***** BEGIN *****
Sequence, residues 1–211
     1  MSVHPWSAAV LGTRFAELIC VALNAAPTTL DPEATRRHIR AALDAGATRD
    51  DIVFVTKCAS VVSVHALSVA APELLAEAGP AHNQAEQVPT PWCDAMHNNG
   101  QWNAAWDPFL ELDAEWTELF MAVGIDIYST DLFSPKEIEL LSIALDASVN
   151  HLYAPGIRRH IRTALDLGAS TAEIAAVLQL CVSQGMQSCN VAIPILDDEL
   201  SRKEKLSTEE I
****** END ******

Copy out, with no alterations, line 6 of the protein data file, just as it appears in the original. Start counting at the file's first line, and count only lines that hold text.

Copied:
   201  SRKEKLSTEE I